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Designing the Private Cloud – Top Down or Bottom Up

In the quest to build a private cloud, it’s important to note how the individual parts fit.  Designed well, and you’ve created an automated, cloud optimized data center allowing the enterprise to respond to the dynamic pace of the changing business landscape.  Designed poorly, and you’ve added another layer of data center controls further emphasizing IT as a cost center, not a business enabler.   

There are two ways to go about the design of your private cloud.  Top down, choosing orchestration component like OpenStack and utilizing commodity parts to build out; or bottom up, utilizing hardware components already in place and determining the best orchestration layer to fit those components.  For many large enterprises, the typical choice is bottom up; utilizing existing architecture and infrastructure already in the production environment and centering on the corporate standard hypervisor and embedded staff expertise.  Others however have shed any preconceived notions of their existing infrastructure and are building from the ground up; based on open standards with the plan to migrate existing application (or building all new applications) to function in the open standards cloud environment.  For purposes of this article, I’m going to focus on the bottom up approach.  Information on building an OpenStack environment can be found at OpenStack.org and will be discussed in a future article.

 Cloud Management Picture

Virtualization-enabled Core Infrastructure:  Embedded and entrenched infrastructure can be the cornerstone of your cloud build.  However, that infrastructure must be able to take advantage of some of the enhanced attributes of the hypervisor.  Capabilities like vMotion, Live Migration, Replication, VDS, vShield, Virtual Switch, etc. are only supported on specific vendor hardware.  If your storage, server, or network can’t take advantage of these capabilities, you pay for unutilized features in both CapEx and OpEx.  Or worse, you pay extra for software and services to make up for the deficiencies in your hardware.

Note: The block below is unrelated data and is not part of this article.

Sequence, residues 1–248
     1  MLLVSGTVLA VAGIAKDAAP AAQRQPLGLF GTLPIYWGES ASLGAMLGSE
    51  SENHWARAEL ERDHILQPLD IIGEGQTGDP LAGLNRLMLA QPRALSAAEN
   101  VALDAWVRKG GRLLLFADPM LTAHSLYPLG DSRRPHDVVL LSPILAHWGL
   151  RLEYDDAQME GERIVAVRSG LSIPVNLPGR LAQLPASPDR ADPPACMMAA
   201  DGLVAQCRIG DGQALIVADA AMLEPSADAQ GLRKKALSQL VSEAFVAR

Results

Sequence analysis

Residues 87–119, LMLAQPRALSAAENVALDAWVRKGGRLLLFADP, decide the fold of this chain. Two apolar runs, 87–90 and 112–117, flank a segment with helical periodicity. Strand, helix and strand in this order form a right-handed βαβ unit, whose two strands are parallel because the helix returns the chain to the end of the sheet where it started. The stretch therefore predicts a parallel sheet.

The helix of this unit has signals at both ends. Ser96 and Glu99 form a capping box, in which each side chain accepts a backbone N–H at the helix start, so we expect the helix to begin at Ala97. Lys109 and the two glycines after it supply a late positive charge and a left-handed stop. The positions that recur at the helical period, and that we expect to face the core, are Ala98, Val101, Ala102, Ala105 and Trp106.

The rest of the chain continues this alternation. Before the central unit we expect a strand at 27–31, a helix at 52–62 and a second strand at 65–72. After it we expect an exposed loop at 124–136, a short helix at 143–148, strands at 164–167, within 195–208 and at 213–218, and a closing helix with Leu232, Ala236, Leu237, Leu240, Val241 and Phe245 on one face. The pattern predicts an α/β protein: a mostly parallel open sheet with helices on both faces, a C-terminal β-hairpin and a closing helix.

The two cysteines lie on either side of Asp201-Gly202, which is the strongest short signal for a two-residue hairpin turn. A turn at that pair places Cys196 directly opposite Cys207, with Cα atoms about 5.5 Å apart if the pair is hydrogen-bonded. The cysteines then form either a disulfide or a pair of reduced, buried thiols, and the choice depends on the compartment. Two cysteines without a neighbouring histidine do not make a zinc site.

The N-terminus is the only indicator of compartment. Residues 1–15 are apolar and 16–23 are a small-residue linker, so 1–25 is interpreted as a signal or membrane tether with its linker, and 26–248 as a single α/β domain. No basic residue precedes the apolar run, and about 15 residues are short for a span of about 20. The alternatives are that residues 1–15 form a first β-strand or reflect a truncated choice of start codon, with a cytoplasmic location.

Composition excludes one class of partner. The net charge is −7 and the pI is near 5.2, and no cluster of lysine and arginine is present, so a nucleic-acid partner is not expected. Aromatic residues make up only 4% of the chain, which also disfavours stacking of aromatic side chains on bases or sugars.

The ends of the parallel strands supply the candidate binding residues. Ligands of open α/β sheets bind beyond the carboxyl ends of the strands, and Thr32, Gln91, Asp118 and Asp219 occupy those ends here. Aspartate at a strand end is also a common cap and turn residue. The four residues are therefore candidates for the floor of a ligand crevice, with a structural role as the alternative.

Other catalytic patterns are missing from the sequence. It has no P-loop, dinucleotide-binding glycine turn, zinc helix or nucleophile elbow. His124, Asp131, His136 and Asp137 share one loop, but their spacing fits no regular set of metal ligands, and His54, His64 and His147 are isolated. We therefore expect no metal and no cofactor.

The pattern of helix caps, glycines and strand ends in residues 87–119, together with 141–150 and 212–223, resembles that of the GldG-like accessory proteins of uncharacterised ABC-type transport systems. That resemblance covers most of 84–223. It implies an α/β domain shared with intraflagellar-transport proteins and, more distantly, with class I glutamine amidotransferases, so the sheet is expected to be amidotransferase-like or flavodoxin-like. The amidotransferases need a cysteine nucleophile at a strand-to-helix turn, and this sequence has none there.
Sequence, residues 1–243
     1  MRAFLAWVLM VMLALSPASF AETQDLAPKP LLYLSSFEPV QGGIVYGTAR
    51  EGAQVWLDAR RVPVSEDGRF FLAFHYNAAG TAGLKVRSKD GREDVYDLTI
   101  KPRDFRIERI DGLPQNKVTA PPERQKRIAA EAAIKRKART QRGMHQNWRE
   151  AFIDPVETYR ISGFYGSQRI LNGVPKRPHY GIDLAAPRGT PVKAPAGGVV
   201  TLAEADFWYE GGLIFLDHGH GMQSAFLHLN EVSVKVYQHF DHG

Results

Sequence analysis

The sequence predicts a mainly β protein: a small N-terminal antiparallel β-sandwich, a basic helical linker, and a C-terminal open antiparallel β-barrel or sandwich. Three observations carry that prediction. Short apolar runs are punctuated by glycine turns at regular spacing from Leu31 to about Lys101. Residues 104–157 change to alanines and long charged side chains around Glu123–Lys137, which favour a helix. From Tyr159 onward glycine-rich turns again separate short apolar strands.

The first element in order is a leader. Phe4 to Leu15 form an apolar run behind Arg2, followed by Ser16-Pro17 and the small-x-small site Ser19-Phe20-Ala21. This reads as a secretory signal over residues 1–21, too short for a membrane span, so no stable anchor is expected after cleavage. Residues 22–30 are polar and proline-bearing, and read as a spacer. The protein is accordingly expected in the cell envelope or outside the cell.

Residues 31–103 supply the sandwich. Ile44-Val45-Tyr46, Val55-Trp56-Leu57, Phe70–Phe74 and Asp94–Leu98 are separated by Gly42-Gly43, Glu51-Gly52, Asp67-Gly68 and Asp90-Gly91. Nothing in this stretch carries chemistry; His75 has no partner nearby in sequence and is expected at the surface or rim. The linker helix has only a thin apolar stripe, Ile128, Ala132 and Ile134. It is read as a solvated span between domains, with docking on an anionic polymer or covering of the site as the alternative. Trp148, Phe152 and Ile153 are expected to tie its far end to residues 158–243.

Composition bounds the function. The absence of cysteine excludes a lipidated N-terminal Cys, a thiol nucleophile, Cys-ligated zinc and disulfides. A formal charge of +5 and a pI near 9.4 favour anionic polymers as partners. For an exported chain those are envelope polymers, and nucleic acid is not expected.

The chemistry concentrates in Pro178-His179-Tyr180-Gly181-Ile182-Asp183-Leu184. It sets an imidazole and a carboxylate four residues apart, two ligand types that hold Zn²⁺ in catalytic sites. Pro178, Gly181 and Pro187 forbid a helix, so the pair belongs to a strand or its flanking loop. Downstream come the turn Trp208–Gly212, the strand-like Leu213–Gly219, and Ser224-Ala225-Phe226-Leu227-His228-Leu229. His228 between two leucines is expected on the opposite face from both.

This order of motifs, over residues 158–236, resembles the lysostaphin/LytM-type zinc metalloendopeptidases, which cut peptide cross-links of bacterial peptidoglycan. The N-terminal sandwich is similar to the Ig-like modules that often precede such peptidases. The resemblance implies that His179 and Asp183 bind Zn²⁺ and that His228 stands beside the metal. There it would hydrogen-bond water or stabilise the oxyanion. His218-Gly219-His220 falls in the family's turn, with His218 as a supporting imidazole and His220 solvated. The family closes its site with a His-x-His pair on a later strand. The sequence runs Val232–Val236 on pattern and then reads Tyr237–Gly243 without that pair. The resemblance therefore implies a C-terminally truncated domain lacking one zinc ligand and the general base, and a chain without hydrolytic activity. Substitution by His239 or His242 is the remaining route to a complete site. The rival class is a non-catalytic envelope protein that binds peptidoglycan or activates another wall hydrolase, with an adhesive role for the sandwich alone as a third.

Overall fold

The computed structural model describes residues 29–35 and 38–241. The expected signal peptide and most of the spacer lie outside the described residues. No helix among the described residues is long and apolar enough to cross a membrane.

Converged Infrastructure:  A recent trend in the industry is converged infrastructure.  In simple terms, a Converged Infrastructure (CI) allows you to manage you storage, networks and servers as a single unit, from a single console, gaining data center automation and management simplification.  With CI, you can provision a VM from a single console including all storage provisioning, memory allocation and network connections.  This solution though poses the very possible risk of vendor lock-in.  Many vendors sell their version of a converged infrastructure that ties you to their compute, network and storage choices.  They want you to purchase their version of the client-server mainframe.  Vendors need to recognize that customers have entrenched infrastructure that needs to be integrated into the CI, not excluded.  As the consumer, you need to ask how will my existing infrastructure integrate with the CI, and what happens in three years when I need to refresh.  Some vendors currently offer a more open CI while others are moving in that direction.  Caveat emptor.